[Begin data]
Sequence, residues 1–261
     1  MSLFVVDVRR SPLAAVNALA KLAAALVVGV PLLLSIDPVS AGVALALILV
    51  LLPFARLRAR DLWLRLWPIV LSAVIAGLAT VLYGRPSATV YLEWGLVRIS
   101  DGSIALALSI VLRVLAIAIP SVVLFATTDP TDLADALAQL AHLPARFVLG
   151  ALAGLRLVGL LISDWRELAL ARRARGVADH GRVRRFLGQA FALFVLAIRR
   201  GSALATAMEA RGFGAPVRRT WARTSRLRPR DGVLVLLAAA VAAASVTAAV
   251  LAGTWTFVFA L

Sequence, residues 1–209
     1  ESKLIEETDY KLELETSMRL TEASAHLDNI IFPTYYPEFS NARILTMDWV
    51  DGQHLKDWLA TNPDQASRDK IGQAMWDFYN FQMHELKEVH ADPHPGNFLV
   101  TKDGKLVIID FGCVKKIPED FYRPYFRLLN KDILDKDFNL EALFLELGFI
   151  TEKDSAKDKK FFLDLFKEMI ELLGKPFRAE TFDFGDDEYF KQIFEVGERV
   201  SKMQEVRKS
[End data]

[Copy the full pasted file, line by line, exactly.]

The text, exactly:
Sequence, residues 1–261
     1  MSLFVVDVRR SPLAAVNALA KLAAALVVGV PLLLSIDPVS AGVALALILV
    51  LLPFARLRAR DLWLRLWPIV LSAVIAGLAT VLYGRPSATV YLEWGLVRIS
   101  DGSIALALSI VLRVLAIAIP SVVLFATTDP TDLADALAQL AHLPARFVLG
   151  ALAGLRLVGL LISDWRELAL ARRARGVADH GRVRRFLGQA FALFVLAIRR
   201  GSALATAMEA RGFGAPVRRT WARTSRLRPR DGVLVLLAAA VAAASVTAAV
   251  LAGTWTFVFA L

Sequence, residues 1–209
     1  ESKLIEETDY KLELETSMRL TEASAHLDNI IFPTYYPEFS NARILTMDWV
    51  DGQHLKDWLA TNPDQASRDK IGQAMWDFYN FQMHELKEVH ADPHPGNFLV
   101  TKDGKLVIID FGCVKKIPED FYRPYFRLLN KDILDKDFNL EALFLELGFI
   151  TEKDSAKDKK FFLDLFKEMI ELLGKPFRAE TFDFGDDEYF KQIFEVGERV
   201  SKMQEVRKS